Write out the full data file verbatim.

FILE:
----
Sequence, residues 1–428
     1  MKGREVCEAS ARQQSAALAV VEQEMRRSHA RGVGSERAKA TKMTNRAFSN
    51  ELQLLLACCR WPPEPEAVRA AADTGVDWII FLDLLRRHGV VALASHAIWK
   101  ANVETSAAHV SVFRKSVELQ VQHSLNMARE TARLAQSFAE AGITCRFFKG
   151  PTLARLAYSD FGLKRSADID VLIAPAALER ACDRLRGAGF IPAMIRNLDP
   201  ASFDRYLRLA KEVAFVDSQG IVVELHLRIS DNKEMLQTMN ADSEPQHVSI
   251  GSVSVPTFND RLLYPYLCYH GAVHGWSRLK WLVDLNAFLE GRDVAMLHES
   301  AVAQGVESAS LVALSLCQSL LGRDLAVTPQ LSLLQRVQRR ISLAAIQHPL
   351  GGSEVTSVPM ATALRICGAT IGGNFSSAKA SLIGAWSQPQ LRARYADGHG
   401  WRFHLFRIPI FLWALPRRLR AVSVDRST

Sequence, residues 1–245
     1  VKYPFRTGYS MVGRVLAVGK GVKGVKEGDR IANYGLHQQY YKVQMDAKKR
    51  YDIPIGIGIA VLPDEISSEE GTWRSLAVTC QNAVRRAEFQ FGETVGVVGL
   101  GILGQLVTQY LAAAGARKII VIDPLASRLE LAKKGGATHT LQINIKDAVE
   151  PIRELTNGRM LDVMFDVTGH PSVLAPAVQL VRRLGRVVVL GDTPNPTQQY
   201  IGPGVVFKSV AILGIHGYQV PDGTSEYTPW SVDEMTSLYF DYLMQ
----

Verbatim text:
Sequence, residues 1–428
     1  MKGREVCEAS ARQQSAALAV VEQEMRRSHA RGVGSERAKA TKMTNRAFSN
    51  ELQLLLACCR WPPEPEAVRA AADTGVDWII FLDLLRRHGV VALASHAIWK
   101  ANVETSAAHV SVFRKSVELQ VQHSLNMARE TARLAQSFAE AGITCRFFKG
   151  PTLARLAYSD FGLKRSADID VLIAPAALER ACDRLRGAGF IPAMIRNLDP
   201  ASFDRYLRLA KEVAFVDSQG IVVELHLRIS DNKEMLQTMN ADSEPQHVSI
   251  GSVSVPTFND RLLYPYLCYH GAVHGWSRLK WLVDLNAFLE GRDVAMLHES
   301  AVAQGVESAS LVALSLCQSL LGRDLAVTPQ LSLLQRVQRR ISLAAIQHPL
   351  GGSEVTSVPM ATALRICGAT IGGNFSSAKA SLIGAWSQPQ LRARYADGHG
   401  WRFHLFRIPI FLWALPRRLR AVSVDRST

Sequence, residues 1–245
     1  VKYPFRTGYS MVGRVLAVGK GVKGVKEGDR IANYGLHQQY YKVQMDAKKR
    51  YDIPIGIGIA VLPDEISSEE GTWRSLAVTC QNAVRRAEFQ FGETVGVVGL
   101  GILGQLVTQY LAAAGARKII VIDPLASRLE LAKKGGATHT LQINIKDAVE
   151  PIRELTNGRM LDVMFDVTGH PSVLAPAVQL VRRLGRVVVL GDTPNPTQQY
   201  IGPGVVFKSV AILGIHGYQV PDGTSEYTPW SVDEMTSLYF DYLMQ